Construction crews are completing striping the pavement, doing landscaping and streetlight work in preparation for the grand opening.
The extension marks the city's first large-scale implementation of LED lighting, which uses about half the energy of high-pressure sodium lights, Burke said.
In addition, the parking lanes along the extension are made of permeable asphalt that helps with drainage by funneling rain into the subgrade material instead of directing the water into the storm system, he said.
The extension, built to fit into Chicago's street grid system rather than be a controlled-access roadway like other parts of Lake Shore Drive, was designed to handle about 27,000 vehicles a day, Sadler said.
Traffic signals and pedestrian signals at east-west streets (83rd, 85th, 87th and 89th) are interconnected to provide smooth traffic flow on the new part of South Lake Shore even at 30 mph, Sadler said. Vehicle-detection cameras are mounted overhead so that signals at the cross streets will operate based on the presence of drivers and pedestrians rather than cycle through on set timings, he said.
Officials are confident the extension will help absorb some traffic that now uses neighborhood streets, but they also say drivers should not consider the extension a high-speed shortcut.
"The new section of South Lake Shore Drive will provide an arterial-boulevard hybrid,'' Burke said. "If you are interested in a 30 mph beautiful drive, it is certainly a route you should consider taking. For ease and quickness of access, we would encourage drivers to remain on the expressway system."
Now that the 2.08-mile extension is about to open, expectations go far beyond it being a traffic-easing bypass road on the relocated U.S. 41.
Transportation officials, South Chicago residents and real estate developers are banking on the South Lake Shore Drive extension fostering a rebirth of Chicago's far south lakefront.
"This piece of land was basically behind walls for 100 years,'' said real estate developer Dan McCaffery, who has been concentrating for almost nine years on remaking the South Works site into a development he calls Chicago Lakeside.
"You practically had to go in a four-wheeler to take someone to the site. Now, I will be able to show retailers and potential home builders and research center builders: 'Here is your access. And there is the Chicago Skyway, 1 mile away. You can go north on Lake Shore Drive for 9 miles and you are in the Loop. Here are all the east-west connecting streets,'" said McCaffery, chairman and CEO of McCaffery Interests Inc.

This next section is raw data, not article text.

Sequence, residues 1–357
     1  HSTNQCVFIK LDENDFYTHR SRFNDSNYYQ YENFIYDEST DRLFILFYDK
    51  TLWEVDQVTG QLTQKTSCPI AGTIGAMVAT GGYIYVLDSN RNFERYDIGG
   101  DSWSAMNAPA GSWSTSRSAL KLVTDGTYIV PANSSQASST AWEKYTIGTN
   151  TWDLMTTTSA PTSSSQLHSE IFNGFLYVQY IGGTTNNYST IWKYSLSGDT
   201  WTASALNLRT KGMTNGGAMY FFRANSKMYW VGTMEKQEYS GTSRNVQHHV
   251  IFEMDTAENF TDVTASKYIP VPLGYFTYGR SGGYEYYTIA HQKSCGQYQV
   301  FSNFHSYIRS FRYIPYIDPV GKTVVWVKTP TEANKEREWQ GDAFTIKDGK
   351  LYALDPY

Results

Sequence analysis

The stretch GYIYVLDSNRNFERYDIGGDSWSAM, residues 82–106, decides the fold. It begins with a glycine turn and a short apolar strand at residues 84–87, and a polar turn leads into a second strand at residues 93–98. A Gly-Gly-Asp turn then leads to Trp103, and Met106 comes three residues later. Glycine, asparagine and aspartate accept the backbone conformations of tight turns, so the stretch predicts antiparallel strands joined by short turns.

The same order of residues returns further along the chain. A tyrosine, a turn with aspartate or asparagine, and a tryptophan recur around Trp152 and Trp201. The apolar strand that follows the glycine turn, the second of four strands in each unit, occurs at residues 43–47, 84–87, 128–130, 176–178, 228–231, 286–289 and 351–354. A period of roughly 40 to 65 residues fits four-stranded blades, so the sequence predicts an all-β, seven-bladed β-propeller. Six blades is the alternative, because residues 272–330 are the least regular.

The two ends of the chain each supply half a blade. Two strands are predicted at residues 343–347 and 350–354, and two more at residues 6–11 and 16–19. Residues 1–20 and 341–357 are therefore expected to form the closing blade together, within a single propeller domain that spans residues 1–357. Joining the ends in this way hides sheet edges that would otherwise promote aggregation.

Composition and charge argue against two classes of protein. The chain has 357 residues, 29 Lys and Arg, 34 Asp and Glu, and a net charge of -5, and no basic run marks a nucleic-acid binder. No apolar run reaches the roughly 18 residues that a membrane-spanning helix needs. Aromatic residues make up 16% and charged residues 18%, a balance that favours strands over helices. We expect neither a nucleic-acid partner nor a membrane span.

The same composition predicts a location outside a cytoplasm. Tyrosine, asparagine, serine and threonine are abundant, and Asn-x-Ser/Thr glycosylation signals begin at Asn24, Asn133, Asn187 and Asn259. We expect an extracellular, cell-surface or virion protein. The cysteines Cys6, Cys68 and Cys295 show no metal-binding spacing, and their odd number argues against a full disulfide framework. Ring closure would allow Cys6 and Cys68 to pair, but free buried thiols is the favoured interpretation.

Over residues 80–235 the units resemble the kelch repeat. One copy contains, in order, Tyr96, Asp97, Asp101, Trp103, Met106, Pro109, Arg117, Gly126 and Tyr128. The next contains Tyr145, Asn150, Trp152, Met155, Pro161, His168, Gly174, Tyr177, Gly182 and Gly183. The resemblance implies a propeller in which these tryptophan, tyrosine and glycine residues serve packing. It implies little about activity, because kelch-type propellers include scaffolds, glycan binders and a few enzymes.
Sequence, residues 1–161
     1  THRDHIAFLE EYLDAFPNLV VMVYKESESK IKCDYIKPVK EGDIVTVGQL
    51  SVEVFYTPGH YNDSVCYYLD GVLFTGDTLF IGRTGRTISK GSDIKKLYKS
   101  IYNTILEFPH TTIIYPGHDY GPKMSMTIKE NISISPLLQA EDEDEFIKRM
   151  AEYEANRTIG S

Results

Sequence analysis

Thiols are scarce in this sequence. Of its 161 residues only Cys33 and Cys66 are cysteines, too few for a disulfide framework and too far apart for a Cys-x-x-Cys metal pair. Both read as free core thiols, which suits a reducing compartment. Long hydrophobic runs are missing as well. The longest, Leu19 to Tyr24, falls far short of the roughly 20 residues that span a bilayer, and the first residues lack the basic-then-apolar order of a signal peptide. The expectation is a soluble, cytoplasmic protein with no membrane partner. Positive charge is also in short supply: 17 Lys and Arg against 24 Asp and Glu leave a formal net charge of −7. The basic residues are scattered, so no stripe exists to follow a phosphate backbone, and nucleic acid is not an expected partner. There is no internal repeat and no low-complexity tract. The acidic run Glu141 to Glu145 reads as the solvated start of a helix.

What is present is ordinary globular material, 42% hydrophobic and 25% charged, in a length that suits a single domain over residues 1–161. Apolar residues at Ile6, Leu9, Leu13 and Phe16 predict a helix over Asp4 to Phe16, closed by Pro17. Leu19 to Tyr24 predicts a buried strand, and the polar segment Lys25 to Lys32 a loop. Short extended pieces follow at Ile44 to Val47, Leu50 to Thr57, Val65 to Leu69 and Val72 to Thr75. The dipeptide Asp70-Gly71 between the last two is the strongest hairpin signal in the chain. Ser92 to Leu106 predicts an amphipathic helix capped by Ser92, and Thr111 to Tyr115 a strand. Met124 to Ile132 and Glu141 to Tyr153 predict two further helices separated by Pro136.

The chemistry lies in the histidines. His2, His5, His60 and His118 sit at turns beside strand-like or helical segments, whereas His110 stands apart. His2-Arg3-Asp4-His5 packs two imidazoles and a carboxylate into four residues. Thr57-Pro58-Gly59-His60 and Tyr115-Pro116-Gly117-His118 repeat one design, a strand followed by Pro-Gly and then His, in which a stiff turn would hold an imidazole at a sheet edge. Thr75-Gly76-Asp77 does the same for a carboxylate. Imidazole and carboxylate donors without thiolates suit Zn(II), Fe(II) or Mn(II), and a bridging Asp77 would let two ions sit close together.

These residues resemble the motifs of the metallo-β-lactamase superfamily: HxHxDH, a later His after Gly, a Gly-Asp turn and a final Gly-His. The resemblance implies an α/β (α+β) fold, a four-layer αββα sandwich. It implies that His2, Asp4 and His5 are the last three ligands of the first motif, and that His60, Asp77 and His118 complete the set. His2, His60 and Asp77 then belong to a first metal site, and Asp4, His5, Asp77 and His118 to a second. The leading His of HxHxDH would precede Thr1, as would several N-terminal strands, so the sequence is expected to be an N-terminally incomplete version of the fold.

McCaffery said he is involved in talks with companies to launch the project by building "a major retail center, a large data center and a research center."
He believes the initial development would be strongly supported by the large population west of the former South Works site, and that residential construction would follow.
He declined to identify any of the parties, saying only, "So when you ask me, 'Is there a viable plan?' God, yes. We have spent $30 million in the planning already."
He said the entire development will be built on the principles of sustainability, from having its own power generation and water reclamation systems to broadband across the 600-acre site, which is currently a joint venture between McCaffery Interests and U.S. Steel.
Others see McCaffery's unrealized dreams as a tall order.
"There is no doubt the South Lake Shore Drive extension is key to McCaffery having any success in building that whole complex out there, which I always found to be uncertain in attracting thousands of people to buy houses and move to that part of the city,'' said Neal Samors, co-author of "Chicago's Lake Shore Drive: Urban America's Most Beautiful Roadway.''
To anybody who will listen, McCaffery is also pitching the site as the future home of the Barack Obama presidential library.
"The Obama library location has the potential to be one of the most dramatic structures on the lakefront and in the community that first elected him to public office,'' McCaffery said. "If that happened, it would blow the socks off the whole Southeast Side of Chicago.''